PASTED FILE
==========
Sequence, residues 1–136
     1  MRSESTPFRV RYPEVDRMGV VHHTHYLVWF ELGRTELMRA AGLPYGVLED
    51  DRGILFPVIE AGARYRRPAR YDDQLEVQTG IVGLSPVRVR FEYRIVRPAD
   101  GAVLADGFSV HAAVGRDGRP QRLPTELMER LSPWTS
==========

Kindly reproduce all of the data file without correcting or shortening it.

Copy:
Sequence, residues 1–136
     1  MRSESTPFRV RYPEVDRMGV VHHTHYLVWF ELGRTELMRA AGLPYGVLED
    51  DRGILFPVIE AGARYRRPAR YDDQLEVQTG IVGLSPVRVR FEYRIVRPAD
   101  GAVLADGFSV HAAVGRDGRP QRLPTELMER LSPWTS